A quarter-century ago this summer, Samuel Huntington published the first version of what would become his book The Clash of Civilizations. I've quoted it many times over the years, not least its passages on what Huntington called "Islam's bloody borders". The man himself has been dead a decade now, and so on the twenty-fifth anniversary of his famous thesis it falls to Francis Fukuyama, Huntington's former pupil and author of The End of History, to do the honors:
Since Samuel Huntington's Clash of Civilizations has been contrasted with my own End of History in countless introductory International Relations classes over the past two decades, I might as well begin by tackling at the outset the issue of how we're doing vis-Ã -vis one another. At the moment, it looks like Huntington is winning.
That's big of him, all things considered. Fukuyama has attempted to modify his thesis over the years but it doesn't get any sounder: He argued a book or two back that democratic societies were all trying to "get to Denmark", but, if you've actually set foot in Denmark recently, you might be inclined to think that the challenge for Danes is to figure out a way to get back to Denmark. Elsewhere in Scandinavia, it's easier to imagine Sweden getting to Sudan than Sudan getting to Sweden. Huntington discerned a lot of this, as Fukuyama concedes:
Huntington was very prescient in his depiction of "Davos Man," the cosmopolitan creature unmoored from strong attachments to any particular place, loyal primarily to his own self-interest. Davos Man has now become the target of populist rage, as the elites who constructed our globalized world are pilloried for being out of touch with the concerns of the working class. Huntington also foresaw the rise of immigration as one of the chief issues driving populism and the fears that mass migration has stoked about cultural change. Indeed, Carlos Lozada of the Washington Post has labeled Huntington as a prophet of the Trump era.
"The fears that mass migration has stoked about cultural change" is a coy way of sidling up to the way I put it in America Alone - that culture trumps economics. Pakistanis came to Yorkshire because the mills needed workers. The mills closed anyway, but the workers stayed, and built their mosques and madrassahs. Today, as I mentioned on Tucker's show a few weeks back, automation (and predictions that it will eliminate 30 per cent of all jobs) ends any economic rationale for mass immigration. That leaves little else to justify it except virtue-signaling. Which is more than enough, judging by the hysteria that greets anybody who seriously questions demographically transformative immigration policies. Fukuyama isn't quite ready to concede the cultural point to Huntington, and attempts instead to sidestep it:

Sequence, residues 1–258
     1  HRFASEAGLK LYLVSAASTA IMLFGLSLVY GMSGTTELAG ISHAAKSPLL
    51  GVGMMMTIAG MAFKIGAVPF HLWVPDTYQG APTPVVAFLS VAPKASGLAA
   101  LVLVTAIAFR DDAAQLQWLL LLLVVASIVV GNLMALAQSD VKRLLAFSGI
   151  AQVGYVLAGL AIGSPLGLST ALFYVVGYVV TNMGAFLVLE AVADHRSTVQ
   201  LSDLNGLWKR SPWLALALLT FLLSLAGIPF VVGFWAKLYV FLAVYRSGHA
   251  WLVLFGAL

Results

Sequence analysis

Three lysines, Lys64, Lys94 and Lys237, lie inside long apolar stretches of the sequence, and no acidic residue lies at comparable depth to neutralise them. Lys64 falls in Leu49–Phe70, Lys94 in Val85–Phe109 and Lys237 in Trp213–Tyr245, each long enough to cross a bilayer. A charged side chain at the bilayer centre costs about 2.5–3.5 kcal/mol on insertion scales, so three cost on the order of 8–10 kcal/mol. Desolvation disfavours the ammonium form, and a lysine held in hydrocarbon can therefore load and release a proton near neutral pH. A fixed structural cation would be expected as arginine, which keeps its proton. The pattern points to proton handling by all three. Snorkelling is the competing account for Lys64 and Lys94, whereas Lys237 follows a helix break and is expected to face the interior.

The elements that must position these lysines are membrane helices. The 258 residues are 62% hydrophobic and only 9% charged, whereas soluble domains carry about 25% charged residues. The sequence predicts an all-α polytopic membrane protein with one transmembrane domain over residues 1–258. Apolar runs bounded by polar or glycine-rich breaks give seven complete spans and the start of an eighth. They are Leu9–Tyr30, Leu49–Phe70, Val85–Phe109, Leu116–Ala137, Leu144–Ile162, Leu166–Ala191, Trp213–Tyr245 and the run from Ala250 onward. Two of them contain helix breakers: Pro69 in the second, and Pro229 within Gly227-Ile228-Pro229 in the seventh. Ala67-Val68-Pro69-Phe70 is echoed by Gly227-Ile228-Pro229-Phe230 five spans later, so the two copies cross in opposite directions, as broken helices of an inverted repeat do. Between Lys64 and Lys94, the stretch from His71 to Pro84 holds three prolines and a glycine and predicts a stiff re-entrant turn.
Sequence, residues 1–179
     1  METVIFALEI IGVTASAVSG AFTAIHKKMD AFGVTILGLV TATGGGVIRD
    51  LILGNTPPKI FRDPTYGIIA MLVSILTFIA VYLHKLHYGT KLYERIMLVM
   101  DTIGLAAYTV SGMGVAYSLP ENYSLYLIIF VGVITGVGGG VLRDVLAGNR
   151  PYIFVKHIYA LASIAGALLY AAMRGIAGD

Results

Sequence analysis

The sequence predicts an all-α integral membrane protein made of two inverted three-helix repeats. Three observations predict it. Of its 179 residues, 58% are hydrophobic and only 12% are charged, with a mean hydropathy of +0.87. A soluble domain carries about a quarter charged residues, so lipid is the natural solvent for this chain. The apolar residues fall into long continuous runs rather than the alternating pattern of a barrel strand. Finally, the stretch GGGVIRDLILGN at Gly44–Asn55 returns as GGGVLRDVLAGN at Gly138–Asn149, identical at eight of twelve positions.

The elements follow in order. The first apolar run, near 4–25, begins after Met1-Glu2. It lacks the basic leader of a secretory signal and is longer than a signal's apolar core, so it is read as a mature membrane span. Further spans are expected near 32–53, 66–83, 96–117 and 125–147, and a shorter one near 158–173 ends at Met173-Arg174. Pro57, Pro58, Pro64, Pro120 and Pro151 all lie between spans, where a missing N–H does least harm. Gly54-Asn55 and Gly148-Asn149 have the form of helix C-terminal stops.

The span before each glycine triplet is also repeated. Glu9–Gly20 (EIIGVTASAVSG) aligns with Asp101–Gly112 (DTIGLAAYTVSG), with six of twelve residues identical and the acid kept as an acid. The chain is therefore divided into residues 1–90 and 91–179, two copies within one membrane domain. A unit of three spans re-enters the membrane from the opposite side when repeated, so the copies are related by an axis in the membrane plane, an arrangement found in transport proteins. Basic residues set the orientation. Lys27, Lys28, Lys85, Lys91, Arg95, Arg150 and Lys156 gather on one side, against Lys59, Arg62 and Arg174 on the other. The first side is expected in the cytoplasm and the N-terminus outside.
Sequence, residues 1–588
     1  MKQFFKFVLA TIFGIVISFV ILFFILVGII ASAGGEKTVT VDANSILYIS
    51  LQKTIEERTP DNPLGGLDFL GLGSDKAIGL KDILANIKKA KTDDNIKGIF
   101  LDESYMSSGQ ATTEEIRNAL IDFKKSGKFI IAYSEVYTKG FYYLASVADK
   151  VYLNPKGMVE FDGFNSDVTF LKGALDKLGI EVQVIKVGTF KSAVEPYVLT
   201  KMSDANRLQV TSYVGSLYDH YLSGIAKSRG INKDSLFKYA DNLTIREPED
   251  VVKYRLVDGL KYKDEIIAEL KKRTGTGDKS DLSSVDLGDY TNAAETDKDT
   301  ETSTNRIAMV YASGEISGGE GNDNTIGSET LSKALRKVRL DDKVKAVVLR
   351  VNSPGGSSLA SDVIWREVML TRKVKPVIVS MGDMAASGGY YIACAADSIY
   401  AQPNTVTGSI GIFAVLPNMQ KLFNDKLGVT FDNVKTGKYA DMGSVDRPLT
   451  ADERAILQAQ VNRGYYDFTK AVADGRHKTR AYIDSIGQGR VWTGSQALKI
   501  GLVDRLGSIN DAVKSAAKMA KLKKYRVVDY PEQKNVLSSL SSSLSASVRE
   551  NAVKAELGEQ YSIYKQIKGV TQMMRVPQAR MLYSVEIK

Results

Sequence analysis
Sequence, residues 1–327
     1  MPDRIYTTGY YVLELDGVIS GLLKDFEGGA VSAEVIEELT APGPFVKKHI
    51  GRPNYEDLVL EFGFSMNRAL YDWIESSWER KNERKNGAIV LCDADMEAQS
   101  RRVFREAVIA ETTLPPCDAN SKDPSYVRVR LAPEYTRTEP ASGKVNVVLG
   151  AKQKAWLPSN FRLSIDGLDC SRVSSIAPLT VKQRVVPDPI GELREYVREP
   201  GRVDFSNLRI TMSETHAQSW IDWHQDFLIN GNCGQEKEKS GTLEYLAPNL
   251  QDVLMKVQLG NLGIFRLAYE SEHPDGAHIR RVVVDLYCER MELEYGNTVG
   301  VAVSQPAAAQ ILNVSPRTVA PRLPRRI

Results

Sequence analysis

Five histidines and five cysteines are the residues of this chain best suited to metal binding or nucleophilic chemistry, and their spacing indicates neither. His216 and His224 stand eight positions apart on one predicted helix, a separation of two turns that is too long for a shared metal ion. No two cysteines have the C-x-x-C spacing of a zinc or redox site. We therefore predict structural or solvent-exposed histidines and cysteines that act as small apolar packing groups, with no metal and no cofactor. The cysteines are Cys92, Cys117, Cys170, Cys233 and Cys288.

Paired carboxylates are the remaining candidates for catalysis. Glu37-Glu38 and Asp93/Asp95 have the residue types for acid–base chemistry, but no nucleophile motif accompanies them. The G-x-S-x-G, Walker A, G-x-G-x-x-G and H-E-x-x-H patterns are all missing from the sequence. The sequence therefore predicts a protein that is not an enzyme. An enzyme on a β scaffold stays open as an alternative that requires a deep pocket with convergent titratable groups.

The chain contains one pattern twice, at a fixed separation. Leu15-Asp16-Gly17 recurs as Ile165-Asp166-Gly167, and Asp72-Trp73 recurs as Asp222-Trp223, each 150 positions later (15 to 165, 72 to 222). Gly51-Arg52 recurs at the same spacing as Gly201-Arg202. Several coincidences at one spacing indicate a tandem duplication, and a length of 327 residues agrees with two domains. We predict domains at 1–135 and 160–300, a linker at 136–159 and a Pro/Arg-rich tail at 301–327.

Identity is a much broader and more flexible concept with which to understand contemporary politics rather than religiously based culture or civilizations. Identity is the modern concept that arises out of the belief that one has a hidden inner self whose dignity is at best being ignored or at worst being disparaged by the surrounding society. Identity politics revolves around demands not for materials goods or resources, but for recognition of the dignity of one's ethnicity, religion, nation, or even one's unique characteristics as an individual...
Many of the young European Muslims who left the countries of their birth to fight for the Islamic State in Syria were trapped between two cultures, the traditional one defined by the piety of their parents, and the secular Western one in which they were brought up... Seeing the same phenomena through an identity lens rather than through the lens of religiously based culture better conforms to today's realities... [In America] there was the constant emergence of new identities: not just gays and lesbians, but transgender and intersex people.
He has half a point here. Yes, many young western Muslims, the children and grandchildren of comparatively assimilated immigrants, choose a global Islamic "identity" for themselves. Likewise, many secular westerners choose one of the exciting and ever multiplying array of sexual "identities". But it seems to me that both these phenomena are at least partly responses to the assault we have waged on our own culture and civilization this past half-century. Who wants to identify with a culture that reviles its own past, that blames itself for everything, that demolishes its statuary and denounces its greatest figures and insists that, while multiculturalism posits the equal value of all cultures, if you have to pick a villain pick the culture that built the modern world? In the void of modern western identity, people look elsewhere: Some find the new one-size-fits-all Islam, others find "intersexuality".
In the end, however, one of these is real, and the other isn't. And in those societies where the one buts up against the other (Denmark, say) the one that is real will one day steamroller the other. Samuel Huntington grasped the obvious; Francis Fukuyama is still trying to tap-dance around it.